ADCs at a glance
Antibody-drug conjugates (ADCs) are an advanced class of therapeutic agents, which combine the effects of several biological components and processes to achieve targeted drug delivery to cancer cells.
An antibody forms the ADC scaffold, and actively binds the target receptor, expressed by cancer cells, thereby mediating a targeted effect within a complex biological system such as a human patient.
A drug, in the form of a cytotoxic substance is attached to the targeting antibody, thereby arming the antibody with the ability to kill the cancer cells to which it binds.
A linker, between the antibody and drug compound, may be utilized to enable particular biological effects, such as improved solubility and stability in circulation, or mechanisms for release of the cytotoxic compound in particular intracellular compartments.
Last, but not least, a target receptor with convenient properties, and a high cancer specificity, is essential to obtain targeted, ADC mediated drug delivery to cancer cells.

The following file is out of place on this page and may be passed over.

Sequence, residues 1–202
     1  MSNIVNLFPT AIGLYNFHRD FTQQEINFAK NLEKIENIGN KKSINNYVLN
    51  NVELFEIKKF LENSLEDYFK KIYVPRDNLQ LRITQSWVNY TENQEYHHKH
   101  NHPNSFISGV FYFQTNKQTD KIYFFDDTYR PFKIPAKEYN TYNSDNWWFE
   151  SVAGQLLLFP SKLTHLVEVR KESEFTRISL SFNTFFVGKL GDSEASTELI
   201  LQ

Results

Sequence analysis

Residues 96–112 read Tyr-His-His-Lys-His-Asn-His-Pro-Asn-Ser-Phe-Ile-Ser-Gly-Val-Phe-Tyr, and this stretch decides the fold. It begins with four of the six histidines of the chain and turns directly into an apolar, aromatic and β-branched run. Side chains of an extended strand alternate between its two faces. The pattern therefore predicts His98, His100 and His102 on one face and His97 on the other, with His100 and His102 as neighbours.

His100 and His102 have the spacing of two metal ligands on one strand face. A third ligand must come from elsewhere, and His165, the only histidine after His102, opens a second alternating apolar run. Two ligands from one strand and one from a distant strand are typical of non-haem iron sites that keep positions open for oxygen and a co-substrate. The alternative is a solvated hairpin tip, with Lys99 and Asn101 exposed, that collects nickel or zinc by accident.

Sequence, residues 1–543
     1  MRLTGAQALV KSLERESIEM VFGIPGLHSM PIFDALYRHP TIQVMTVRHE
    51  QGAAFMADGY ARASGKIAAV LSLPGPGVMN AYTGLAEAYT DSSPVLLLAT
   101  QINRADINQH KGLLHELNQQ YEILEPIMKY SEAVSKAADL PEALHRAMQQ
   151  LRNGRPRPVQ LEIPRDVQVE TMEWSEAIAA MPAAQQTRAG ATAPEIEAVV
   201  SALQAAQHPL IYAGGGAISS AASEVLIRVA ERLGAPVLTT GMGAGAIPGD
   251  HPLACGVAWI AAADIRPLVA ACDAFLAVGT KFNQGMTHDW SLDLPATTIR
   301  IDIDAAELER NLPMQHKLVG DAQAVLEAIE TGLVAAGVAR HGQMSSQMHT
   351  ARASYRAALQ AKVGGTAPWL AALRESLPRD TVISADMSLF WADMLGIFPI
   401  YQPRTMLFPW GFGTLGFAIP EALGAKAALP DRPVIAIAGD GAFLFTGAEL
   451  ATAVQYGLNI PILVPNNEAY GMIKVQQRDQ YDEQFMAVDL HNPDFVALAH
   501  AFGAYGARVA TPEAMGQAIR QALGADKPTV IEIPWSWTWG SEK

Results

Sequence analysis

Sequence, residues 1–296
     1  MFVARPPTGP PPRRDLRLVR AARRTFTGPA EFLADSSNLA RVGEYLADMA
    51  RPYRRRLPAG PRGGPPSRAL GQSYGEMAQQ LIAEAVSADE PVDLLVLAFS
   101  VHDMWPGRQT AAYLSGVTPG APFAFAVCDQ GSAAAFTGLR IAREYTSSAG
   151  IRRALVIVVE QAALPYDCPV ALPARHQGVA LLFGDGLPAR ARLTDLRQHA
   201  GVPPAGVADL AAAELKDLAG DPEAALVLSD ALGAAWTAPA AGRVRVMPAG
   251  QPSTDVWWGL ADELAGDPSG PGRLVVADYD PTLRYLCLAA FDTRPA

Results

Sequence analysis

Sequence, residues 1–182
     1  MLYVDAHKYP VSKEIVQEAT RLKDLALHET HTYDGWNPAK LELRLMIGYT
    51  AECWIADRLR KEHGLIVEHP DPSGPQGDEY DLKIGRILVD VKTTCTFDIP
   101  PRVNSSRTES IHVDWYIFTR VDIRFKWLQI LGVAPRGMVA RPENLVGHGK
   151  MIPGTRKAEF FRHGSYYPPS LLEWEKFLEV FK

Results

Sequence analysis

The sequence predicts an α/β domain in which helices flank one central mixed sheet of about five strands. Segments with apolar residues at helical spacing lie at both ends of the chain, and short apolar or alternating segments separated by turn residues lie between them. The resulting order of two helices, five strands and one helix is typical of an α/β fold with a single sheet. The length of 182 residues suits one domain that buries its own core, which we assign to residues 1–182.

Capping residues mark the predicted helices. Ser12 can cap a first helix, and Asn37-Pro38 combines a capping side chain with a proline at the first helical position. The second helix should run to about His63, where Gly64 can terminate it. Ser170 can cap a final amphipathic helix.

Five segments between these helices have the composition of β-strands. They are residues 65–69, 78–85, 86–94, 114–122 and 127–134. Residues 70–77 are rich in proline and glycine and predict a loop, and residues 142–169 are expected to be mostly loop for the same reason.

ADCs are named from the process of attaching, or conjugating, a drug covalently to the antibody.
By combining antibodies with cytotoxic compounds and linkers possessing certain properties, one can obtain ADCs which are highly efficient at targeting and killing cancer cells, based on the particular characteristics of a given type of cancer.
A general overview of the mechanism of action of an ADC, is depicted in the figure below.
Each step is explained in more detail in the image slide show below.
Generally, the ADC field has been steadily growing in the recent decade, especially in the context of oncology.
The identification of novel targets, on-going development of novel linkers and payloads with improved stability and potency, and a continuously improving understanding of the mechanisms underlying successful ADC treatment, has contributed to this development.
Currently, four ADCs are approved for treatment of patients in the clinic, and around 100 new unique ADC formats combining different molecular targets and mechanisms of action, are now in clinical trials.
We therefore firmly believe that ADCs will play a key role in targeted drug delivery and personalized medicine in the future, and that our particular strategy will contribute significantly.